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Where then was he, whose fiery zeal
Is raining down in fire and blood-
Has gathered, drop by drop, its flood Why strikes he not, the foremost one, Where murder's sternest deeds are done?
He stood the aged palms beneath,
That shadowed o'er his humble door,
Toussaint l'Ouverture !
The blow for freedom had been given;
Which earth sent up to Heaven !
Yes, dark-souled chieftain !if the light
Of mild Religion's heavenly ray Unveiled not to thy mental sight
The lowlier and the purer way, In which the Holy Sufferer trod,
Meekly amidst the sons of crime,That calm reliance upon God
For justice, in his own good time,That gentleness, to which belongs
Forgiveness for its many wrongs,
Even as the primal martyr, kneeling
Broadly around him, made the same ?
And gloried in his ghastly shame ?Kneeling amidst his brother's blood, To offer
mockery unto God, As if the High and Holy One Could smile on deeds of murder done! As if a human sacrifice Were purer
in his Holy eyes, Though offered up by Christian hands, Than the foul rites of Pagan lands!
Sternly, amidst his household band,
man stood, prepared and still, Waiting the shock of maddened men, Unchained, and fierce as tigers, when
The horn winds through their caverned hill And one was weeping in his sight
The sweetest flower of all the isle,-
Love's fair embodied smile.
" Ha-stand or die!” The white man's eye
His steady musket gleamed along, As a tall Negro hastened nigh,
With fearless step and strong. " What, ho, Touissaint!” A moment more, His shadow crossed the lighted floor.
“ Away,” he shouted; “fly with me,-
child to his manly breast,
Along the bright horizon's verge, O'er which the curse of servile war
Rolled its red torrent, surge on surge.
In the fierce tumult, struggled he ?
The yells of triumph and despair
The streams that crimson to the sea !
Sleep calmly in thy dungeon-tomb,
Beneath Besançon's alien sky, Dark Haytien -for the time shall come, Yea, even now is nighWhen, every where, thy name shall be Redeemed from color's infamy ; And men shall learn to speak of thee, As one of earth's great spirits, born In servitude, and nursed in scorn, Casting aside the weary weight And fetters of its low estate, In that strong majesty of soul,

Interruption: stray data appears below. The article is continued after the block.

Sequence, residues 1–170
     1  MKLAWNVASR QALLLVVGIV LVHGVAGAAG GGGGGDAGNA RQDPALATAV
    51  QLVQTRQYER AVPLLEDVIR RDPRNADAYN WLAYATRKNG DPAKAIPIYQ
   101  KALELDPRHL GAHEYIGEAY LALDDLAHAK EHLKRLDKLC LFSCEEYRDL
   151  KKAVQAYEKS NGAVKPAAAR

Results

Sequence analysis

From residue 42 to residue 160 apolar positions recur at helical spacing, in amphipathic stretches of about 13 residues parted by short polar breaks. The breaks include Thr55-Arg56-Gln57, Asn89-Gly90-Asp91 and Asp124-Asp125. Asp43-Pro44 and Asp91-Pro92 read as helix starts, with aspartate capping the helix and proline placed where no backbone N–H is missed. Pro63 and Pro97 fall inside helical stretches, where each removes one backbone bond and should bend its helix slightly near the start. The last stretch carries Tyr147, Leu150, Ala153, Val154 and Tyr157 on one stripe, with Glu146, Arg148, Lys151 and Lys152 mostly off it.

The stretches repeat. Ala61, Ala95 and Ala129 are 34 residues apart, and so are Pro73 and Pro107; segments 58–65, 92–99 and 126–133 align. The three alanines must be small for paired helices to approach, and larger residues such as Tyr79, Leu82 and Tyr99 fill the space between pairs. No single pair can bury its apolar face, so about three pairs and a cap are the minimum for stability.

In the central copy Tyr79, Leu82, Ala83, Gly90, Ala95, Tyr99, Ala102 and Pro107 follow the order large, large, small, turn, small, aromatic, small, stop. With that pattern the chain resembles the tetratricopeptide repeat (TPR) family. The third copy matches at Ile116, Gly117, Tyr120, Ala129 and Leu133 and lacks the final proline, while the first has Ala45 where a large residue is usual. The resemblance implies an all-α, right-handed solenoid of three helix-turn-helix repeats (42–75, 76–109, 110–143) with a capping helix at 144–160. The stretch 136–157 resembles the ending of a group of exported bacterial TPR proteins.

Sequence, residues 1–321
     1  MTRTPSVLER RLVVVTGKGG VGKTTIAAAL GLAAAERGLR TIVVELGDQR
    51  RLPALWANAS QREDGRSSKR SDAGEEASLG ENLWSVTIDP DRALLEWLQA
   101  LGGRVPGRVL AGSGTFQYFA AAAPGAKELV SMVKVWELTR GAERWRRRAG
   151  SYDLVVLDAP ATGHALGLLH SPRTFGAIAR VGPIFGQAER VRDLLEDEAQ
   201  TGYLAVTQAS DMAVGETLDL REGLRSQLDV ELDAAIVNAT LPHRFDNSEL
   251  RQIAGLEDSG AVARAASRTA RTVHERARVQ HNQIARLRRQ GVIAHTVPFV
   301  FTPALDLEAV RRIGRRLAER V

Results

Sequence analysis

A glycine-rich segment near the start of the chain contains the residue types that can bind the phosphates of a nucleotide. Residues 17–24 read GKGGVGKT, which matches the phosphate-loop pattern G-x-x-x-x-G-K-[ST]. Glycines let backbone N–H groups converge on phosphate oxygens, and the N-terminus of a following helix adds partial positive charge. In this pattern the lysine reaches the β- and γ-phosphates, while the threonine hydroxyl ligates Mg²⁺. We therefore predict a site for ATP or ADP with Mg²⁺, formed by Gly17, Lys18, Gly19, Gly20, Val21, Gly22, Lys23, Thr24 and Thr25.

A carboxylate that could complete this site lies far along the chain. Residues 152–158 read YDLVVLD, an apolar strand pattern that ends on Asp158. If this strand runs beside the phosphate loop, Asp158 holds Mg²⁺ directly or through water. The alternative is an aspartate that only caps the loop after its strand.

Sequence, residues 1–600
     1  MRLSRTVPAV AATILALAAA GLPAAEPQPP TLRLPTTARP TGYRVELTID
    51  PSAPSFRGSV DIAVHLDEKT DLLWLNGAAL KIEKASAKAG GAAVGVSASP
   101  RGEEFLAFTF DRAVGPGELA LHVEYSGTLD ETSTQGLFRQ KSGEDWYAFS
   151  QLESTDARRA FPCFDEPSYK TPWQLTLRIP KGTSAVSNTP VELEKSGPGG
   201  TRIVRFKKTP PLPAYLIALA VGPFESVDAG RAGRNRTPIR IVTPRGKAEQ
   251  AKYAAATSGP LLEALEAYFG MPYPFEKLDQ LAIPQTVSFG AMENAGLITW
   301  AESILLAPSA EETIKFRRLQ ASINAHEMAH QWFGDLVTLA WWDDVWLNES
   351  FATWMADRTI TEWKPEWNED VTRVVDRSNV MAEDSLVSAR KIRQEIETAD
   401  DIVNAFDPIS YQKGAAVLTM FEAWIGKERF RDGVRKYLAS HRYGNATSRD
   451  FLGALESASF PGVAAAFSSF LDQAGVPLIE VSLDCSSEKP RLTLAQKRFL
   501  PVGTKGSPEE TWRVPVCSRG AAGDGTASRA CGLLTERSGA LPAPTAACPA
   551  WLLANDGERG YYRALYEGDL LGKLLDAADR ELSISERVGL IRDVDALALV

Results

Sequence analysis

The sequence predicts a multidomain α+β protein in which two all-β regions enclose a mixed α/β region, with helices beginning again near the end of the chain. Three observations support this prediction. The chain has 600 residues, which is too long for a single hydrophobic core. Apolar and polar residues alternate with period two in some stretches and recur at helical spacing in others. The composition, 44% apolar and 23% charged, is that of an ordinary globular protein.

Which knows no color, tongue or climeWhich still hath spurned the base control
Of tyrants through all time! Far other hands than mine may wreath The laurel round thy brow of death, And speak thy praise, as one whose word A thousand fiery spirits stirred, Who crushed his foeman as a wormWhose step on human hearts fell firm :Be mine the better task to find A tribute for thy lofty mind, Amidst whose gloomy vengeance shone Some milder virtues all thine own,Some gleams of feeling pure and warm, Like sunshine on a sky of storm, – Proofs that the Negro's heart retains Some nobleness amidst its chains, That kindness to the wronged is never
Without its excellent reward, Holy to human-kind, and ever
Acceptable to God.
THE SLAVE SHIPS. 34
That fatal, that perfidious bark, Built i’ the eclipse, and rigged with curses dark.".
“ All ready?” cried the captain ; Ay, ay !
!” the seamen said; “ Heave up the worthless lubbers
The dying and the dead.” Up from the slave-ship’s prison
Fierce, bearded heads were thrust“ Now let the sharks look to itToss
the dead ones first!”
Corpse after corpse came up,
Death had been busy there; Where every blow is mercy,
Why should the spoiler spare ? Corpse after corpse they cast
Sullenly from the ship, Yet bloody with the traces
Of fetter-link and whip.
Gloomily stood the captain,
With his arms upon his breast, With his cold brow sternly knotted,
And his iron lip compressed. • Are all the dead dogs over ?
Growled through that matted lip* The blind ones are no better,
Let's lighten the good ship.”. Hark ! from the ship's dark bosom,
The very sounds of hell ! The ringing clank of iron
The maniac's short, sharp yell! The hoarse, low curse, throat-stifledThe starving infant's moan